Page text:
HumanInsight Data-driven, client-centric applied behavior analysis treatment-dose optimization improves functional outcomes
World J Pediatr. 2022 Nov 17. doi: 10.1007/s12519-022-00643-0. Online ahead of print.
BACKGROUND: With increasing numbers of individuals diagnosed with autism spectrum disorder (ASD) and with affirmation of applied behavior analysis (ABA) as an evidence-based standard of care for ASD, there has been a proliferation of agencies offering ABA services over the last several decades. Disagreement exists among ABA providers and health plans that reimburse those providers on the optimal number of hours of ABA services that should be reimbursed. This study aims to understand whether children who receive more hours of ABA therapy achieve better outcomes and to evaluate the impact of the COVID-19-induced shift to telehealth clinical supervision on outcomes.
METHODS: A retrospective cohort analysis was performed using data from the Vineland 3 Comprehensive Interview Form to assess function throughout ABA treatment. Paired sample t tests, independent sample t tests, Cohen's D, and Pearson correlations were used to determine relationships between Vineland scores and input variables including hours of service and modality of supervision (in-person vs. telehealth).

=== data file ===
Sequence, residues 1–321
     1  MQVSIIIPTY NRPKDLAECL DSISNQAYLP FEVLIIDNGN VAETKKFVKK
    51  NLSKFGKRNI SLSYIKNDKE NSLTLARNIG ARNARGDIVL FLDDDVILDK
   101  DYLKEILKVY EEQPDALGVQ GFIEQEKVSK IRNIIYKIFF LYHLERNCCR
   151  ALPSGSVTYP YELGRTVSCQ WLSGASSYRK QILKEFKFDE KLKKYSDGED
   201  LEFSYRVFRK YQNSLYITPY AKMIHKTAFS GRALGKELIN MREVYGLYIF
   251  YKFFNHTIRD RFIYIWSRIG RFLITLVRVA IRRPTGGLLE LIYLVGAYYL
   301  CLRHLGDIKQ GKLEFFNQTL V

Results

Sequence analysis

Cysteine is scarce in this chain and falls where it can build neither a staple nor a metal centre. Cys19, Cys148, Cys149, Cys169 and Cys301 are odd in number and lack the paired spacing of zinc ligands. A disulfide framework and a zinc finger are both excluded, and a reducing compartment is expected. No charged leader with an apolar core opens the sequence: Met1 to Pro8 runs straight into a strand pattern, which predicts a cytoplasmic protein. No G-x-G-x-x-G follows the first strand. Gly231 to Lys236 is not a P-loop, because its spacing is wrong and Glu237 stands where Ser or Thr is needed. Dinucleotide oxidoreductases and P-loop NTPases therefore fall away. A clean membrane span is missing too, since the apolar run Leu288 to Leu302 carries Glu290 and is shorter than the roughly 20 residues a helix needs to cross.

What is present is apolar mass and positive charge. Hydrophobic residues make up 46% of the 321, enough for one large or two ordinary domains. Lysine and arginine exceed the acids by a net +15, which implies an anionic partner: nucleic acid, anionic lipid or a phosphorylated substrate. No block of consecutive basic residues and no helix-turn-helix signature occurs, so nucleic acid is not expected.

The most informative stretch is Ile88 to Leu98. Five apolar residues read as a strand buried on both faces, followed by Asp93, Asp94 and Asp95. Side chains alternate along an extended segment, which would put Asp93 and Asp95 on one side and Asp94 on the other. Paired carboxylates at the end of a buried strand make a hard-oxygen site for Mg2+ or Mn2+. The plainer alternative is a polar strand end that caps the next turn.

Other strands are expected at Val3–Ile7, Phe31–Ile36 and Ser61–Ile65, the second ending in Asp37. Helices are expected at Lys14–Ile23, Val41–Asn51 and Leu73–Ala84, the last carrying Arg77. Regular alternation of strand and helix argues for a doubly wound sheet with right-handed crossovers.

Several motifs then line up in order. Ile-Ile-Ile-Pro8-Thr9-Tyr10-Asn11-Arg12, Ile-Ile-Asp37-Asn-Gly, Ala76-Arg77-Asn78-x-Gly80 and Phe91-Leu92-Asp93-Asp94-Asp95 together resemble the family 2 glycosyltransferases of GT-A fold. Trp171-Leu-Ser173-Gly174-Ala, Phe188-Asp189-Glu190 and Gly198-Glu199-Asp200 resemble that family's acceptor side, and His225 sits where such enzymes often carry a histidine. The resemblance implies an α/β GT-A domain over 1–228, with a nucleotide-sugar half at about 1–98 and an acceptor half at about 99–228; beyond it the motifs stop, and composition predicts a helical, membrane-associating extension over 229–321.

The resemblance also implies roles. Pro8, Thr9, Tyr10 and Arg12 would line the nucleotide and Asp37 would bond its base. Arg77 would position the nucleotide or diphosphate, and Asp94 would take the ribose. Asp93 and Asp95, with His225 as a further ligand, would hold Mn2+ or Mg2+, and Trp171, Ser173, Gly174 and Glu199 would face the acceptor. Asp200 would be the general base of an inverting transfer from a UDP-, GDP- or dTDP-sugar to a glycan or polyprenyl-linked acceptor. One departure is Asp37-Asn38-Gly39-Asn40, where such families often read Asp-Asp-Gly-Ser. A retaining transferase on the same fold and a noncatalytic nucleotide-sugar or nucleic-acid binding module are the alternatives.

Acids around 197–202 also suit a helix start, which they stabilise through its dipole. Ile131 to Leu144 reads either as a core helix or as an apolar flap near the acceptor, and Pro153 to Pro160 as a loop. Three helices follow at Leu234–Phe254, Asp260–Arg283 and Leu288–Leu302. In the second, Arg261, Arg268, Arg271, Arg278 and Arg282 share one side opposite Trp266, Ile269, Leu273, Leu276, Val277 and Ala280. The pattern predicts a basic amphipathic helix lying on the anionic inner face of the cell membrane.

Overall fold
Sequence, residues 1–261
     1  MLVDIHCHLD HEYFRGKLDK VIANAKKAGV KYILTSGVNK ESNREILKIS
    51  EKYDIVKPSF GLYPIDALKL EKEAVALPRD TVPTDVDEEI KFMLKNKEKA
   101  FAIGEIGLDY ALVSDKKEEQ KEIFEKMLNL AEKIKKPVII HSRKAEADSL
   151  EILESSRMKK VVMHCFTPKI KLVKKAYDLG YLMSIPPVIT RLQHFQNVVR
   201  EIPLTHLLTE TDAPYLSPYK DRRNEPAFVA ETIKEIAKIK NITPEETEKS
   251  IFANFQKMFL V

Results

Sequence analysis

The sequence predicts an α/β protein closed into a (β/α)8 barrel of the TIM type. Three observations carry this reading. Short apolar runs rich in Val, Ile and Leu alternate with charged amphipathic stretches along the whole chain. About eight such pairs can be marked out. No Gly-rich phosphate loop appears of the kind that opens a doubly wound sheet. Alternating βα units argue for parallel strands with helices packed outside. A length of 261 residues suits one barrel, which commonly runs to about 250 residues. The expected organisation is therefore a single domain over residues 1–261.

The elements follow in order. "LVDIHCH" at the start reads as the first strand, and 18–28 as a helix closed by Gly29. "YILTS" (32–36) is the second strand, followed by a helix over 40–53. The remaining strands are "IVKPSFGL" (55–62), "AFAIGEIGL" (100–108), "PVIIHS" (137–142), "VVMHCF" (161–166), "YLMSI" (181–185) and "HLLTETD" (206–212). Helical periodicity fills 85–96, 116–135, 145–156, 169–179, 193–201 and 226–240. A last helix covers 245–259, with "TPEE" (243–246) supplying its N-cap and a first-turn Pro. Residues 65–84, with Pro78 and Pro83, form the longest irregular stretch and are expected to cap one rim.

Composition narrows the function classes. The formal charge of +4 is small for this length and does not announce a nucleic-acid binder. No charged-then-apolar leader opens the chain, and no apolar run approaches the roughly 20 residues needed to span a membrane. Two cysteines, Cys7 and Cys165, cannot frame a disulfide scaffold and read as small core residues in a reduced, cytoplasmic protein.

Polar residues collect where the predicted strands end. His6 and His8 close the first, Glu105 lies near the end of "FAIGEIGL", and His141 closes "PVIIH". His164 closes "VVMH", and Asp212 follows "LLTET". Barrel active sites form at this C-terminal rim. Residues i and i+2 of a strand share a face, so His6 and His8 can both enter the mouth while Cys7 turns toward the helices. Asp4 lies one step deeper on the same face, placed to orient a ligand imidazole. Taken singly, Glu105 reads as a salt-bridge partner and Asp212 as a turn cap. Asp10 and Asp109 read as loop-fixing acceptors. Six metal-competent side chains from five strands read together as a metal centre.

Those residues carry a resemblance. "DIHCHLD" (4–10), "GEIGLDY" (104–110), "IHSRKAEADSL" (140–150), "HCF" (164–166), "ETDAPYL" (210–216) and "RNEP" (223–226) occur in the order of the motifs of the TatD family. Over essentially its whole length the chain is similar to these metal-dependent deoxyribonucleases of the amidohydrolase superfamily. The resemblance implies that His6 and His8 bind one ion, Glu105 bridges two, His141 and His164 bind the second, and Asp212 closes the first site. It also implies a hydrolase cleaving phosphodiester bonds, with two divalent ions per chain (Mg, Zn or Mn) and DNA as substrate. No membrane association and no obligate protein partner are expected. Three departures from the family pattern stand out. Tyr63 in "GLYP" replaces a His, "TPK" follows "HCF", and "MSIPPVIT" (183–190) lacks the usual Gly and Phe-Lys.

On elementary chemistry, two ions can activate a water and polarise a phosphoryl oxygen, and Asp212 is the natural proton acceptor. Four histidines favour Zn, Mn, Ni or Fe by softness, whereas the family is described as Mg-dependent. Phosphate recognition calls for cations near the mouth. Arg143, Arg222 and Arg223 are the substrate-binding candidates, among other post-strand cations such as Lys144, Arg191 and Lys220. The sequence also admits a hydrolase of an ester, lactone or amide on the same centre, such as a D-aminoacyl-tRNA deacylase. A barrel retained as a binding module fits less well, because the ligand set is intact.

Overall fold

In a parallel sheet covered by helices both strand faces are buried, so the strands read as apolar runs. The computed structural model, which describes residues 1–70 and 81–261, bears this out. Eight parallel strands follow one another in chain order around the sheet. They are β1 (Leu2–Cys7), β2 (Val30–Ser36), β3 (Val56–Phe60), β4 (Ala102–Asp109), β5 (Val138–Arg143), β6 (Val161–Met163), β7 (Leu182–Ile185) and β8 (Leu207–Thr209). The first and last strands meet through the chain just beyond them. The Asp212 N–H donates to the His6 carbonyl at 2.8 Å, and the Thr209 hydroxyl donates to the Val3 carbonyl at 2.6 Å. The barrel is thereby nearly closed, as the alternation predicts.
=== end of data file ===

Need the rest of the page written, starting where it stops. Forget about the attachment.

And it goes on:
RESULTS: While statistically and clinically significant improvements in function were observed, children appear to have improved outcomes independent of the number of hours of service received. There were also no significant associations between modality of supervision and Vineland standard scores.
CONCLUSIONS: These findings challenge prior research that demonstrated a linear dose-response relationship. By tailoring treatment dosage to the individual client's needs, providers may be able to better maximize functional progress of the client, to preserve family time, and to utilize health plan dollars more efficiently.
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